Indeed, the task of securing the lives and property of the people while at the same time maintaining law and order is herculean. Undoubtedly, national security is too complex and encompassing to be exclusively handled by the Interior Ministry. Also, considering the intertwining complexion of national security and national defence, any internal security plan that excludes the input of the military may likely prove counterproductive. Furthermore, the NSCDC, which only plays a complementary role in combating crime and intelligence gathering, cannot effectively implement the security plan without collaborating with the Nigeria Police Force. In the same vein, the NIS cannot proactively and efficiently monitor our borders in isolation from the Nigerian Customs Service. Accordingly, the Minister ought to have widely consulted with the core security agencies before crafting the strategic plan.
Very importantly, the timing of the plan is quite suspicious. It begs the question that the present government intends to launch a long term plan (which had been in the pipeline for about two years) at the twilight of its administration. The Interior Minister is apparently laying the groundwork for his successor-in-office (even when there is no guarantee that the latter will share his sentiments) since he obviously cannot see the plan to the end. It can also be argued that the idea is a mere academic exercise considering that no practical action has been taken since the plan was announced. That it is coming onboard now is a sheer waste of time and resources.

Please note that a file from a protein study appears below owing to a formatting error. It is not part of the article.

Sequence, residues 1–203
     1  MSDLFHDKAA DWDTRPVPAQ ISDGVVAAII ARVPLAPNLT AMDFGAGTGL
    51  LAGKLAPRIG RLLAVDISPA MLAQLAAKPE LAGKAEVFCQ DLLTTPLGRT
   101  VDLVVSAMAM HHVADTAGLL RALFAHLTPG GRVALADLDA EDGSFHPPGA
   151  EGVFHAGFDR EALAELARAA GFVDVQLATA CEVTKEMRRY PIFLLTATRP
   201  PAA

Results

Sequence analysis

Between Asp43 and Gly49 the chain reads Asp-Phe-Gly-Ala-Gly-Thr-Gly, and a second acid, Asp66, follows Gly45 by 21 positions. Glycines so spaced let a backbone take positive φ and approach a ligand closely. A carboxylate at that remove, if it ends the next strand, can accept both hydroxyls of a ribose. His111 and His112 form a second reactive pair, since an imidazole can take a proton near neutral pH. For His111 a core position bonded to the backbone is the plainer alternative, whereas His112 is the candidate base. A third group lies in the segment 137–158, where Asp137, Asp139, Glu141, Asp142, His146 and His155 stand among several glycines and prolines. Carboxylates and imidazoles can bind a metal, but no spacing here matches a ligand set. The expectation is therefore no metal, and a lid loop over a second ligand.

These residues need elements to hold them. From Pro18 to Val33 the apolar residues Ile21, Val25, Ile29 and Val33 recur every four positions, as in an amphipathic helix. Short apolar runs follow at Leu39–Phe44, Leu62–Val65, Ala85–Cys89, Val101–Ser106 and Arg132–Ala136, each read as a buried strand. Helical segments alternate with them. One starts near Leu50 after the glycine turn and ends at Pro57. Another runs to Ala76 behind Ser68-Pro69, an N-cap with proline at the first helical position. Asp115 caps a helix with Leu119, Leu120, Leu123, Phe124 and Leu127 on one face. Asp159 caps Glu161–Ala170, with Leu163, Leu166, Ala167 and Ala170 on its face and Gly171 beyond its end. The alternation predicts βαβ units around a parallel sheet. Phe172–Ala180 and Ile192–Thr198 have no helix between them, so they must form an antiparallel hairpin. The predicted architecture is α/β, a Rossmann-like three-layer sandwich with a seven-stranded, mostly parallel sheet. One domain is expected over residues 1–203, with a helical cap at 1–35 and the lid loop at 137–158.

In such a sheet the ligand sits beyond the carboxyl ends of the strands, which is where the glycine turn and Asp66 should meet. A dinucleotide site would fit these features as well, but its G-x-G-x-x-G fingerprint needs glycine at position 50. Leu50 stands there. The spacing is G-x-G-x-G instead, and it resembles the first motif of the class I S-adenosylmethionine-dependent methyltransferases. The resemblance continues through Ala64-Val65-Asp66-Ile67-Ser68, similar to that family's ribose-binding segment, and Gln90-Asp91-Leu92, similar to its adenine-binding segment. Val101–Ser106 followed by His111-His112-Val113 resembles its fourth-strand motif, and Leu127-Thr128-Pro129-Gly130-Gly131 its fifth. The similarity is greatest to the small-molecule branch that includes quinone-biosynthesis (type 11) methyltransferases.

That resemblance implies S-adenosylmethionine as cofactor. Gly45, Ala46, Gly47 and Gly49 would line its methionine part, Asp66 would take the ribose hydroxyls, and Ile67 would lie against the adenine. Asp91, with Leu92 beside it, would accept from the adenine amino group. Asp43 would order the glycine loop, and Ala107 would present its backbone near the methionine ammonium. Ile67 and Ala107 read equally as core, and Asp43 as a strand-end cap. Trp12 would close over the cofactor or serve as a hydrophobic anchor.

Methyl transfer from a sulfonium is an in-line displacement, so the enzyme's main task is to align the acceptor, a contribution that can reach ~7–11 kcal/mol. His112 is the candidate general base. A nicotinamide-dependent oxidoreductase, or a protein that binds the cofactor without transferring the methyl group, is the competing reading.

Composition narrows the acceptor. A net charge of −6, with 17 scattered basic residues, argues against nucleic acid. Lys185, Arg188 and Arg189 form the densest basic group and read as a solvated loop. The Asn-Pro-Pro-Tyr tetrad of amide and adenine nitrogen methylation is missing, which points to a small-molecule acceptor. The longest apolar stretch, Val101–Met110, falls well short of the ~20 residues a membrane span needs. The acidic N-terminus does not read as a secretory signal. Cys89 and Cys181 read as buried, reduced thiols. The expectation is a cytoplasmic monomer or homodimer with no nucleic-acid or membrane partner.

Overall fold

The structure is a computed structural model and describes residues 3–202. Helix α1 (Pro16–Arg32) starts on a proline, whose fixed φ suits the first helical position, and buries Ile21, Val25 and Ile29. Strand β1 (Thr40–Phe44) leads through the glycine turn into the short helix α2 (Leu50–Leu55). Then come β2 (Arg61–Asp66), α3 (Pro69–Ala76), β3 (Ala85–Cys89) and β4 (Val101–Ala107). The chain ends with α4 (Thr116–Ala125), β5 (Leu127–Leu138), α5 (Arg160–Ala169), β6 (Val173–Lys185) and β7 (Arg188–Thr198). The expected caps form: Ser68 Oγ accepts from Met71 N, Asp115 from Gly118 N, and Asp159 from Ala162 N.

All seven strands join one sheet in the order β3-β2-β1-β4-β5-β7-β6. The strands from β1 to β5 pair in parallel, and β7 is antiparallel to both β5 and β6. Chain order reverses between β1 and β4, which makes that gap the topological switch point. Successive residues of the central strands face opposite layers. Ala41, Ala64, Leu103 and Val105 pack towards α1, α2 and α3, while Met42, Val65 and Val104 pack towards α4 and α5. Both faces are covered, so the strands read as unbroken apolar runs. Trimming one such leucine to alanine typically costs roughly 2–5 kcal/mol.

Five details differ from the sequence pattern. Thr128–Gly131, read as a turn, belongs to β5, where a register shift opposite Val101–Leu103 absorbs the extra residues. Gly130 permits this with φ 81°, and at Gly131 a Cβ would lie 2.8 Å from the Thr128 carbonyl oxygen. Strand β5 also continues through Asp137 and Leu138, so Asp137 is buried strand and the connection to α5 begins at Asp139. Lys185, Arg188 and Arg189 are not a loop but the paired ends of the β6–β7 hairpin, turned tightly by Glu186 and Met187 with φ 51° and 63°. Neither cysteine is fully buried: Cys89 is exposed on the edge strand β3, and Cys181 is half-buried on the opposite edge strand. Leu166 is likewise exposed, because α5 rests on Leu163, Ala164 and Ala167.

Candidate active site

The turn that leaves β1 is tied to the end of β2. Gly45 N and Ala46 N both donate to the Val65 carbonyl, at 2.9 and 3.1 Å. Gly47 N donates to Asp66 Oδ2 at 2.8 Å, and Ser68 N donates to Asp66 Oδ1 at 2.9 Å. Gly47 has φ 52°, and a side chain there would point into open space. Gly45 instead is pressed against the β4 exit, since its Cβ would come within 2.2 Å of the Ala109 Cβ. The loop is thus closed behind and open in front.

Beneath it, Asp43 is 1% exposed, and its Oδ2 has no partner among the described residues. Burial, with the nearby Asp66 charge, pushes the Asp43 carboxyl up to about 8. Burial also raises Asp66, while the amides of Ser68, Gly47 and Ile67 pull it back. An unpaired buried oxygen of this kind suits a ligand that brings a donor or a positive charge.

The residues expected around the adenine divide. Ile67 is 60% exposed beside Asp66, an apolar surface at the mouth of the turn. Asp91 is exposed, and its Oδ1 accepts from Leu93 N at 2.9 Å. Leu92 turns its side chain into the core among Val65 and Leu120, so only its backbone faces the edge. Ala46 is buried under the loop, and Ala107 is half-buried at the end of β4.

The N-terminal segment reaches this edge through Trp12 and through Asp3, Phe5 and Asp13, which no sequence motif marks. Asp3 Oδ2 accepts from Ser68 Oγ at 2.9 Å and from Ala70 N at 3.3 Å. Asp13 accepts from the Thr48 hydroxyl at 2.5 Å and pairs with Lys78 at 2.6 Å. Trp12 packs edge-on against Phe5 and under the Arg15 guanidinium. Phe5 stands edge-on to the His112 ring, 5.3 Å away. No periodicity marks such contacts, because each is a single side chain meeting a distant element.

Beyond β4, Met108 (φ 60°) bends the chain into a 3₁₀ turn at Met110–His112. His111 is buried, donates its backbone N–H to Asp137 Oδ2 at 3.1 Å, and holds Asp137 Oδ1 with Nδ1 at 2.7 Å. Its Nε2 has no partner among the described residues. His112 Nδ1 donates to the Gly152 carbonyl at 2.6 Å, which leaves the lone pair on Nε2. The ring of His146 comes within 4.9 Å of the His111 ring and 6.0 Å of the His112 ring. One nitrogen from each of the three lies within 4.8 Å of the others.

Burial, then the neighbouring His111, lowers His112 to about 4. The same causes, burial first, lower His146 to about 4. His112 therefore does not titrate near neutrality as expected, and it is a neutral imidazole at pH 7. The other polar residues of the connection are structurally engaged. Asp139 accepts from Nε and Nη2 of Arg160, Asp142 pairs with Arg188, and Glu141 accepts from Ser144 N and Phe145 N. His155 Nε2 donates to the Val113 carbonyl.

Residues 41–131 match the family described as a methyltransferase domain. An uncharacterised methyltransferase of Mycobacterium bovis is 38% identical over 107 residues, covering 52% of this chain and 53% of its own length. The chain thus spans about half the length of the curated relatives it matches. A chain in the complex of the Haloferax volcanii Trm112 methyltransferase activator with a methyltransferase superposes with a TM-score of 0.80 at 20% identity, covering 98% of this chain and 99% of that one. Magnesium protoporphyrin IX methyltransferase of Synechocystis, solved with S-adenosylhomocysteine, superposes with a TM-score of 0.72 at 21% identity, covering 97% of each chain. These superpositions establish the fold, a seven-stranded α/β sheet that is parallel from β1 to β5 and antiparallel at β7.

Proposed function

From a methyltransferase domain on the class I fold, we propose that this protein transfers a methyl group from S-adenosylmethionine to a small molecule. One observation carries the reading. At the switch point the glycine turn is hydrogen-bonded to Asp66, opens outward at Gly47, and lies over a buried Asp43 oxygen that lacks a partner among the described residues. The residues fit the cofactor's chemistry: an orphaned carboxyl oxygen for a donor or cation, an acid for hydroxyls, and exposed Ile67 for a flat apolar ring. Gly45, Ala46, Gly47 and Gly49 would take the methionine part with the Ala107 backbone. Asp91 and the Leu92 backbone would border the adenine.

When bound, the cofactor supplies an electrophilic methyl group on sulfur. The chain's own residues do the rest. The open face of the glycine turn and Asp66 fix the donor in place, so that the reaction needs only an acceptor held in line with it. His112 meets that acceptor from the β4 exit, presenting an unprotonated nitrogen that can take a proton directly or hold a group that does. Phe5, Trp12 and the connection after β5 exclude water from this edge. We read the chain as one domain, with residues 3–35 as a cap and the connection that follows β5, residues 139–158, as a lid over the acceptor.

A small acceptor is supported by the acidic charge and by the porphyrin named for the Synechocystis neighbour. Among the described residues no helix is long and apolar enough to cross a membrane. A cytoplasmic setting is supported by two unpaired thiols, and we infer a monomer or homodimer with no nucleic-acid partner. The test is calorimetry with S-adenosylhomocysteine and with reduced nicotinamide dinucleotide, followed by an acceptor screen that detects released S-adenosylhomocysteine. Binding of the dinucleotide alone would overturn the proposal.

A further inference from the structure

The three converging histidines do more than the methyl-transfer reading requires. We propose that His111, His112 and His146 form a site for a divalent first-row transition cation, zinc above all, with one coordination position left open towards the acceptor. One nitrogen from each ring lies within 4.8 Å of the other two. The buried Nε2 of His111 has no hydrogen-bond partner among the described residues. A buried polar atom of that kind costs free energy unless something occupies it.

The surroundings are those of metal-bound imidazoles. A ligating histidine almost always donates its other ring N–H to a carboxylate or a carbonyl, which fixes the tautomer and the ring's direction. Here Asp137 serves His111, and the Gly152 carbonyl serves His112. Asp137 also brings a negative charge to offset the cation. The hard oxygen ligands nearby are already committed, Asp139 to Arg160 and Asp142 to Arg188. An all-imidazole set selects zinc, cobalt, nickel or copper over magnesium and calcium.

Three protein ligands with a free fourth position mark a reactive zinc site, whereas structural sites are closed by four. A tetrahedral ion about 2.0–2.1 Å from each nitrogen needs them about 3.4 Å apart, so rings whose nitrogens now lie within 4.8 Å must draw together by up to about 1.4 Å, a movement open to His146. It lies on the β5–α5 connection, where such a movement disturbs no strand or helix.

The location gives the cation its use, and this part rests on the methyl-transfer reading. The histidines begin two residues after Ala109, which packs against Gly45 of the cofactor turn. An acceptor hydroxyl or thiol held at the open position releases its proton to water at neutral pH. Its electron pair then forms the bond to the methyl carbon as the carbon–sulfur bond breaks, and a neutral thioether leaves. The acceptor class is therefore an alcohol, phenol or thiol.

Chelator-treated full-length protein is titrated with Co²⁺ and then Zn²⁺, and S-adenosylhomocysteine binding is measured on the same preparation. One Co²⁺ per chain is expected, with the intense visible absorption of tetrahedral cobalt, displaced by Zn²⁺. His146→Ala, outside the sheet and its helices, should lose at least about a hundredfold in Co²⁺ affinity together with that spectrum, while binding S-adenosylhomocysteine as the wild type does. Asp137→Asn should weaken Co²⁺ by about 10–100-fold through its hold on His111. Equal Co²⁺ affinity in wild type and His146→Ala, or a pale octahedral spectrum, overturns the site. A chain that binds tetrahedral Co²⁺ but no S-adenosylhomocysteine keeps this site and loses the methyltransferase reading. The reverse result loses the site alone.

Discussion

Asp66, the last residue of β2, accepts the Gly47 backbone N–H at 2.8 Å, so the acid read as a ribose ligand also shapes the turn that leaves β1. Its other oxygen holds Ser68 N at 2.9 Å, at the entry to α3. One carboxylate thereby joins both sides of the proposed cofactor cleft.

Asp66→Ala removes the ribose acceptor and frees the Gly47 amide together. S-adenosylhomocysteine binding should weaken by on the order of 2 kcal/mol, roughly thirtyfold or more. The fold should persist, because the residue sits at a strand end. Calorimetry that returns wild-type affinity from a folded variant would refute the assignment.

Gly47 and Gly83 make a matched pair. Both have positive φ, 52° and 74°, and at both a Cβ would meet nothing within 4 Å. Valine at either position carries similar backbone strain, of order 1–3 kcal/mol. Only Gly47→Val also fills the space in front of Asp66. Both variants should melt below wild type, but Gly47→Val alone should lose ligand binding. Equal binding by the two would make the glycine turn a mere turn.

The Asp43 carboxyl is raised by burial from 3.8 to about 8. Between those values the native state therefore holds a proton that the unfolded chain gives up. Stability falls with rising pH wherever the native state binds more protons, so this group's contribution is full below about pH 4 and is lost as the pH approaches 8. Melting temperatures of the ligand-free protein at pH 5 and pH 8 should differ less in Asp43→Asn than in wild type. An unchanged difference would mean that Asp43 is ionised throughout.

Instead of dissipating energy on a venture that has no future, the Honourable Minister should be rendering account of his stewardship at this time. There had been a series of attacks and jailbreaks at the Nigerian Correctional Facility and most of the escapees are still walking freely. The Minister ought to be addressing the nation on the measures he has put in place to fortify the ‘prisons’ to prevent, avert and or intercept subsequent attacks. Also, he should be seen to be redressing the inefficiency of the NIS as per its expatriate quota abuses and international passport issuance/renewal delay.
It is amusing that the outgoing administration has been churning out various national plans on the eve of its departure. These actions together with the postponement of the national census and subsidy removal after the presidential inauguration ceremony are simply agenda-setting for the next government. It is hypocritical for a government that failed to deliver on its manifestoes to constitute itself as the think tank of the incoming administration.
Sadly, President Muhammadu Buhari’s much-touted integrity and anti-corruption toga turned out to be a hoax. Not only is the current administration the most corrupt in the history of the country, the few ex-governors that the Economic and Financial Crimes Commission successfully convicted on corruption charges were unapologetically pardoned by the President. Most recently, the Attorney-General of the Federation terminated the N1.84 billion corruption charges filed against Nicholas Ashinze, a former military assistant to the then National Security Adviser (NSA), Sambo Dasuki, without adducing any reason! Consequently, the Presidency should quit this last-minute self-serving activism disguised as national plans, and rather, adorn itself in sack clothes and ashes begging for mercy having utterly failed Nigerians!